“We hope to locate as many of our former Japanese American students as possible,” said Dr. Kathryn E. Jeffery, Sacramento City College’s president. “It is with great anticipation that we look forward to this rare opportunity to correct an injustice, to receive former students and members of their family, and to proudly acknowledge their pursuit of higher education.”

Muraki will be receiving an honorary degree on behalf of his father. He, along with former students or their next of kin, will participate in the college’s Commencement exercises to be held on May 19, 2010, at Sacramento City College, in Hughes Stadium.

To help facilitate its search, Sacramento City College has launched a Web site that includes, among other resources, a list in progress of former students who may have been attending Sacramento Junior College in 1942. For more information, or to help the college identify and locate former Japanese American students, please visit or contact Kim Goff at 916-558-2054.

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Nyan Nyan Nyanko’s super kawaii San-X commercial

From Girlybubble: Without ever knowing what Nyan Nyan Nyanko is, most people would assume that Japanese people eat cats because it is always seen stuffed into a hamburger or fries. Fortunately, the whole point of stuffing a cat into food is to be cute (or kawaii) and not to eat. So please, do not confuse this super cute commercial for a restaurant advertising cat burgers or fries. Just think of it as the best 46 seconds of your life, ever. More »

The Hyphenite’s Social Calendar: Swinging Chinatown, Mouth to Mouth

Wednesday February 10th — NYC

Vincent Who? Screening

vincent.jpgAsian Pacific Americans for Progress (APAP) will screen its documentary Vincent Who? — about the hate crime and murder of Vincent Chin over 25 years ago that galvanized the APIA community and movement. Featured interviews include Helen Zia, Lisa Ling, and young APA activists whose lives were impacted by Vincent Chin. Followed by a Q&A with Curtis Chin, co-founder of APAP and a producer of the film.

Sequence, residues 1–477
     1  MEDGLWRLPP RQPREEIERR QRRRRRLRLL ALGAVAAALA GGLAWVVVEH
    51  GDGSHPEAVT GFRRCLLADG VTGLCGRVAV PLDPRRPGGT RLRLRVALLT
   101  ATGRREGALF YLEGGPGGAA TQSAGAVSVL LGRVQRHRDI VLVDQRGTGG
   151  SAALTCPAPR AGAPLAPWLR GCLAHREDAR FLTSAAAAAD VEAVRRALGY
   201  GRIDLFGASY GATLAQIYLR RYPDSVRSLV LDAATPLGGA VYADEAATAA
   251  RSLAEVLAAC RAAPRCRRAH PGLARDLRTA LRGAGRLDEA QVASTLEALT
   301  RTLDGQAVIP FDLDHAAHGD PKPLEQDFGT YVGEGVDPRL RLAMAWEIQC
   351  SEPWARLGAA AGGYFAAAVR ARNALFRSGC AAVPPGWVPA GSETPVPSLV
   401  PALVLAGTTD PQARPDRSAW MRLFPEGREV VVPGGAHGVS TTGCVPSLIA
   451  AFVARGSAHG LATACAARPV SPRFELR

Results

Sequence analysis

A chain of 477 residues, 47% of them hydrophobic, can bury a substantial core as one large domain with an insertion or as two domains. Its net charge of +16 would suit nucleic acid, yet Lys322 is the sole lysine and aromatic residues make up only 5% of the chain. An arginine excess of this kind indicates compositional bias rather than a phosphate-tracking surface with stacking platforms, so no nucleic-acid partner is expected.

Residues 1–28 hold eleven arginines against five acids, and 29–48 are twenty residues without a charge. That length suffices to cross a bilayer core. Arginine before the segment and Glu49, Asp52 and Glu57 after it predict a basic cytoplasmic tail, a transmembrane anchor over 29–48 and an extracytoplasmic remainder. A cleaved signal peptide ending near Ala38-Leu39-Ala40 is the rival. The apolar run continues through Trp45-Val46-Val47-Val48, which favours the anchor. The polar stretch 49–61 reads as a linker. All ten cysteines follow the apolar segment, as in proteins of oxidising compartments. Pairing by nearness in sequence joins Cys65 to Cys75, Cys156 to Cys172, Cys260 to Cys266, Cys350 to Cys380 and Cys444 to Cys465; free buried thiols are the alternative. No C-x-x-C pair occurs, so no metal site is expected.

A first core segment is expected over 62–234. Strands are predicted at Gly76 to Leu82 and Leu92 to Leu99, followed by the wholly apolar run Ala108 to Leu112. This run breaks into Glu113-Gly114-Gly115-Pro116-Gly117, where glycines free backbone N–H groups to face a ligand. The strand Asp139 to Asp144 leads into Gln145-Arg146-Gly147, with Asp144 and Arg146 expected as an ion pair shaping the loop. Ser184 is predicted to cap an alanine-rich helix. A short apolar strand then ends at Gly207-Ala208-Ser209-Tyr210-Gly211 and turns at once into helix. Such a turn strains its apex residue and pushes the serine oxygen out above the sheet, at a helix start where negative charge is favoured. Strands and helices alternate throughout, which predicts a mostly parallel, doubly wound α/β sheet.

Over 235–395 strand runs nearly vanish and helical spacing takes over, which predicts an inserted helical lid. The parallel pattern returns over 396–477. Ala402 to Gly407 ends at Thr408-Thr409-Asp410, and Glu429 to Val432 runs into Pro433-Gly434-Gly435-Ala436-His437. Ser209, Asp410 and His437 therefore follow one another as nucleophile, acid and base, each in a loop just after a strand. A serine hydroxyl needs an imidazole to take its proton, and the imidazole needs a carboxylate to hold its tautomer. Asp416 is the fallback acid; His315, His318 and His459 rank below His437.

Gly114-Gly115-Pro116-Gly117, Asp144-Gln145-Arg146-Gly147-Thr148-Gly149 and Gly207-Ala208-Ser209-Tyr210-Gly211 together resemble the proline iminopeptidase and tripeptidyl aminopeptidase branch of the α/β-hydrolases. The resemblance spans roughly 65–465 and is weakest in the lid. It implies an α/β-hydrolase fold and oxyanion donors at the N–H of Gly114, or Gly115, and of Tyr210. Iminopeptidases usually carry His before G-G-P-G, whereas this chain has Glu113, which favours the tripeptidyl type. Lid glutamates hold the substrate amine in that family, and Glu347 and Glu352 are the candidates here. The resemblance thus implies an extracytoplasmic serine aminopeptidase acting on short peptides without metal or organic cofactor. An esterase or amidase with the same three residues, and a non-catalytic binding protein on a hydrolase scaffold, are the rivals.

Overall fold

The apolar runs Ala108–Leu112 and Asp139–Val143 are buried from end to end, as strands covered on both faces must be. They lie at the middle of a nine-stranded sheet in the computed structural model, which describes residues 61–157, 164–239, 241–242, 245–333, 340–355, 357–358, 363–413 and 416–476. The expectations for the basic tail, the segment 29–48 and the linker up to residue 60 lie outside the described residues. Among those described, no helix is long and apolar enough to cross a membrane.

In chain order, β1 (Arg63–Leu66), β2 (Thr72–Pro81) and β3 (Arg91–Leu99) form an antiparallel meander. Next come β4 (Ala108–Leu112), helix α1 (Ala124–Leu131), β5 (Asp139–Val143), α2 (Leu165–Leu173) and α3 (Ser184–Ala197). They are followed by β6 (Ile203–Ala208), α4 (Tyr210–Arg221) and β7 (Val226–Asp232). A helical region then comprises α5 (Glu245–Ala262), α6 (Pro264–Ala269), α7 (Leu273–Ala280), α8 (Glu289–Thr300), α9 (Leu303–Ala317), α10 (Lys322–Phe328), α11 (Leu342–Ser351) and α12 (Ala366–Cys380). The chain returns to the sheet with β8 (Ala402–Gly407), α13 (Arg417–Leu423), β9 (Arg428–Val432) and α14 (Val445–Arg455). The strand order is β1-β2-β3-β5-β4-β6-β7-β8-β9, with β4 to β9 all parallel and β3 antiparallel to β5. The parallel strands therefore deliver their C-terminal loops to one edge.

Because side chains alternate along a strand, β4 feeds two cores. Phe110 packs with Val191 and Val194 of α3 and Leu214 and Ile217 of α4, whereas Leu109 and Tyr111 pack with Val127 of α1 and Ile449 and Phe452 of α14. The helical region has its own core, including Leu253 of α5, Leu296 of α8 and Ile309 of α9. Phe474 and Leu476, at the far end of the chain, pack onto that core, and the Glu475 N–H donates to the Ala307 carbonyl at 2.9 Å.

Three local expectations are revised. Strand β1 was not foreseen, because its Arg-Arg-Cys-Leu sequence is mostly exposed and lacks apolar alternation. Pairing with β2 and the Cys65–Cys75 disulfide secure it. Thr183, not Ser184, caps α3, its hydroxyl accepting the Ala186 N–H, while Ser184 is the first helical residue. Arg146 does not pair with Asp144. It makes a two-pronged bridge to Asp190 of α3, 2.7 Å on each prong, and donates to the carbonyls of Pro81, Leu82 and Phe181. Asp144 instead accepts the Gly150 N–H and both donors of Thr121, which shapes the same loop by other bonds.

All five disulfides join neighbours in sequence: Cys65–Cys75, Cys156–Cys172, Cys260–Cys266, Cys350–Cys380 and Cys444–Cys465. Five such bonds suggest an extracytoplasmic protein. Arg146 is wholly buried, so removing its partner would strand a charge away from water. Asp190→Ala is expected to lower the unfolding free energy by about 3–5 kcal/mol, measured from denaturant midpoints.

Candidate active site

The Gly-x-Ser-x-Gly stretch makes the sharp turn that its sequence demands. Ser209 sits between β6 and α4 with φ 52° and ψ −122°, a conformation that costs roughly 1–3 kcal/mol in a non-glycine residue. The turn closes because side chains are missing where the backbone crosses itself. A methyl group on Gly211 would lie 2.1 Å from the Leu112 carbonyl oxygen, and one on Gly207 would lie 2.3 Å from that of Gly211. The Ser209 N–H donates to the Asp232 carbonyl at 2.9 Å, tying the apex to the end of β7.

7 to 9 pm
Asian American Writers’ Workshop
16 West 32nd St, 10th floor, New York
$ 5, light refreshments served
RSVP here

Wednesday February 10th — Seattle

Eric Tang Lecture: A Gulf Unites Us

University of Texas, Austin Professor Eric Tang will be in Seattle to deliver his special lecture “A Gulf Unites Us: Black and Vietnamese American Solidarities in New Orleans”, in which Tang explores the forms of inter-ethnic activism in communities of color in East New Orleans post-Katrina to script new racial politics for the Gulf Coast.

4 pm
University of Washington
Communications Bldg, Room 120, Seattle

Thursday February 11th — San Francisco

DIY Music Video Contest Launch Party

flyer_launch-kswversion-small2.JPGLocus@KSW and the San Francisco International Asian American Film Festival (SFIAAFF) paired Asian American filmmakers and musicians to make a music video on a shoestring budget within two months. Watch the music video premieres and musician performances. Winners will be featured in the 28th Annual SFIAAFF. Vote for your favorite video here following the launch party.

8 pm
111 Minna Gallery
111 Minna St, San Francisco
$ 10

Swinging Chinatown Opening Night Gala

swinginchinatownsmall.JPGSwinging Chinatown: The Golden Age of Chinese Nightclubs” is a celebration of the excitement and glamour of the Chinese nightclub scene in San Francisco from the 1930s through the 1960s. Clubs like the Chinese Skyroom and Forbidden City were the first and only venues for Asian American performers. With over 100 vintage photos, costumes, and other memorabilia. Exhibit runs through February 21st.

6 to 8 pm
The Old Mint
88 5th Street, San Francisco
$ 100
Exhibit open to public 2/12-2/15 and 2/19-2/21 from 1 to 5 pm; $ 5

Friday February 12th — NYC

Mouth to Mouth Open Mic

aawwm2m_rgbsmall.JPGJoin writer Ed Lin (This is a Bust) and comedian/performer Jen Kwok (“Date an Asian”) for the Second Annual Lunar New Year Reading and open mic. Special guests include singer-songwriter Cynthia Lin and poet Patrick Rosal.

8:30 pm
The Workshop
16 West 32nd St, New York
$ 5 suggested donation

Nomi Network’s Dance for Haiti Fundraiser

nomiheader.JPGNomi Network, which leverages the fashion marketplace to fight human trafficking in Asia, is holding its Second Annual Dance-a-thon Fundraiser. Half of proceeds will be donated to UNICEF for Haiti relief efforts. Drink specials included.